From his essay (which sounds Obama-like to me in my current state of consciousness):

“The Biosphere and Human Culture are Ceaselessly Creative in Ways that Cannot be Foretold.”

. . . Yes, we give up a God who intervenes on our behalf. We give up heaven and hell. But we gain ourselves, responsibility, and maturity of spirit. I know that saying that ethics derives from evolution undercuts the authority of God as its source. But do we need such a God now? I think not. Nor do we need the spiritual wasteland that post-modernism has brought us.

Beyond my admired friend Kenneth Arrow, natural parks are valuable because life is valuable on its own, a wonder of emergence, evolution and creativity. Reality is truly stunning.

So if you find this useful, let us go forth, as was said long ago, and invite consideration by others of this new vision of reality. With it, let us recreate spiritual community and membership. Let us go forth.

Civilization needs to be changed.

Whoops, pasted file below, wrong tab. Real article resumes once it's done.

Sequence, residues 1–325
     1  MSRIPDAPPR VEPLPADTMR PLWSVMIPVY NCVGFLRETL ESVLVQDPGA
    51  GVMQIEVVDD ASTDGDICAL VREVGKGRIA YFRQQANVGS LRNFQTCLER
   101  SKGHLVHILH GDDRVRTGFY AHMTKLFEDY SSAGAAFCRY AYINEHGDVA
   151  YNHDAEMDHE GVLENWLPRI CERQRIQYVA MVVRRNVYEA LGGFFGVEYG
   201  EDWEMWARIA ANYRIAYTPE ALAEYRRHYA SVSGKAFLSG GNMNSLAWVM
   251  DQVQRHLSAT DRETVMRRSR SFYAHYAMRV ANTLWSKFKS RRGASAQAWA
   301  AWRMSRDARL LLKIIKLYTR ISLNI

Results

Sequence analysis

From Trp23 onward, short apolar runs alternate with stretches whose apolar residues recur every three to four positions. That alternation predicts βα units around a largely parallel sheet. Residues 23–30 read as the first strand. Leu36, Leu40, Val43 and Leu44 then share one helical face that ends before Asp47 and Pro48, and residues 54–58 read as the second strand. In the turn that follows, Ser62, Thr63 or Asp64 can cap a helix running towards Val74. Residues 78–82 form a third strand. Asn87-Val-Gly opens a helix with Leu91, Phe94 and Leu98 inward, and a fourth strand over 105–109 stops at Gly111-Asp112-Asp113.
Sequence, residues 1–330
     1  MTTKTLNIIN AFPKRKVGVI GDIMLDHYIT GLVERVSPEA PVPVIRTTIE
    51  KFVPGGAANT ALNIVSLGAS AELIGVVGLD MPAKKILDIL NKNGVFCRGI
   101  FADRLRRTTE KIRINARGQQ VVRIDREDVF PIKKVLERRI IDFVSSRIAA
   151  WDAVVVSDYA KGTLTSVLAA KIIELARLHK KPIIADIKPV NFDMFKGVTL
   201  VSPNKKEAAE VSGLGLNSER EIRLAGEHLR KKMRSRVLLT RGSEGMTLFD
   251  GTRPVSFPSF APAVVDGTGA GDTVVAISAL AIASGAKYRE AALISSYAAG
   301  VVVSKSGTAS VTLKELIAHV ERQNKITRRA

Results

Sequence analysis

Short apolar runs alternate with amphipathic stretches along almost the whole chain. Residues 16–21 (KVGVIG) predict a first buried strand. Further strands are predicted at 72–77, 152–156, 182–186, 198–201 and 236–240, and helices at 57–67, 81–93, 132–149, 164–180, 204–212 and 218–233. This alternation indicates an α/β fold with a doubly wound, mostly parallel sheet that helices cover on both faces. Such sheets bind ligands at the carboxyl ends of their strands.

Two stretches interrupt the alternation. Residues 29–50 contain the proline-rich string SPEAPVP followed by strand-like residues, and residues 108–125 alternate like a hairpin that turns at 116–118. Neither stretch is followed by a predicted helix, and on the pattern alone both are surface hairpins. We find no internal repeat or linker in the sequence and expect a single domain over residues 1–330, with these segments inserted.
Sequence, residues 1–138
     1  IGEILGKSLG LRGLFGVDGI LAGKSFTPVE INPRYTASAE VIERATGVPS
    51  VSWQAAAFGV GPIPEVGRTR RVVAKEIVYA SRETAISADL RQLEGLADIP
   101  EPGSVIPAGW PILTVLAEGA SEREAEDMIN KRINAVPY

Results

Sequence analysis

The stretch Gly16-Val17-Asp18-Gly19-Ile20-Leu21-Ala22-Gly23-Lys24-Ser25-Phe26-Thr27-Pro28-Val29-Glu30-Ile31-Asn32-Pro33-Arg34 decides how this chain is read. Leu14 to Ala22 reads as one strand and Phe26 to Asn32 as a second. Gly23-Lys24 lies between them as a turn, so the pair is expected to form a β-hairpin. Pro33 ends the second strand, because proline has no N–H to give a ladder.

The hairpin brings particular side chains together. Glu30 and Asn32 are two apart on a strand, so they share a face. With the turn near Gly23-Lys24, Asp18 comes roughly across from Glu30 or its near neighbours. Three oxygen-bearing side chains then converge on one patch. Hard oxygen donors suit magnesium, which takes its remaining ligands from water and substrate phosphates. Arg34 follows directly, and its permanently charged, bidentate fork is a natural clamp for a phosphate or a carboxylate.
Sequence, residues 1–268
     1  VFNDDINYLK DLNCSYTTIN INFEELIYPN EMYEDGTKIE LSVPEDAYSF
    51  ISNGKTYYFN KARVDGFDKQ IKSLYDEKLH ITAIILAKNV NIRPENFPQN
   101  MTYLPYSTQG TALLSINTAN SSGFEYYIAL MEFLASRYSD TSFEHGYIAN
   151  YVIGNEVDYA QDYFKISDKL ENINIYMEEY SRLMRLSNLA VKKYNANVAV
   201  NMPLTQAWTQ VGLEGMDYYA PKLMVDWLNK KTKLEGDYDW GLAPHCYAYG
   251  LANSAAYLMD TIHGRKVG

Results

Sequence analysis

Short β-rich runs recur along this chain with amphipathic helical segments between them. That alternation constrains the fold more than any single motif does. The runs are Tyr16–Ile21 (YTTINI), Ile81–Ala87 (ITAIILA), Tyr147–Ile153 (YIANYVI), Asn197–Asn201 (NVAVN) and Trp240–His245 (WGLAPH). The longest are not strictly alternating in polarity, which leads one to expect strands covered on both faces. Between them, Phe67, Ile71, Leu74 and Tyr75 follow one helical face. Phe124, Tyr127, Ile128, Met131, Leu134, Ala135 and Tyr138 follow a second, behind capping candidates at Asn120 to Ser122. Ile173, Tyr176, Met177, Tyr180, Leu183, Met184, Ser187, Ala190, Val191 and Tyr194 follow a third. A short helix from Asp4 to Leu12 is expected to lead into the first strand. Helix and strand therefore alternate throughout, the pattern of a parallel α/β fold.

6 07 2008
Nance Confer

Reality is truly stunning.

**And the more we learn, and struggle to even vaguely understand, the truer this is.

**Ice on Mars? Identifying the single gene that causes a problem and being able to remove it? Even the more mundane, like cars that don’t need gasoline. All stunning.

**Stunning enough for me anyway. 🙂


6 07 2008
JJ Ross

And how much more “pro-life” can you get?? 😀

“natural parks are valuable because life is valuable on its own. . .”

And the larger idea is that groups of lives have complex and changing creative value beyond one life on its own, beyond the sum of individual animal life units — interactive values like fairness and forgiveness and love. Modern religion is compatible with pro-lives thinking imo, much more so than with “pro-life” quasi-biology. The Golden Rule as expressed in any religion, is pro-lives interacting in ethical ways, not pro-biology for any individual “life” to merely exist.

6 07 2008

I could’ve used “complexity theory” in this post, along with creation science and change theory? 😉

And the comments are a grab bag of “reality” bending . . .

8 06 2009
Never Mind Jews, Blacks, Immigrants, Gays: Kill the Pagans! « Cocking A Snook!

[…] Dotor JJ’s Religion-Choosing Research Up in the Air (this one’s especially good for the comments and links, among which you will find: […]

21 07 2010
New Fodder for Our “Choose a New Religion” Essays! « Cocking A Snook!

[…] responded first with It’s not just a religion, it’s an adventure and then Doctor JJ’s religion-choosing up in the air while Nance wrote Thinking about choosing my religion, and a good time was had by all. (Good as in […]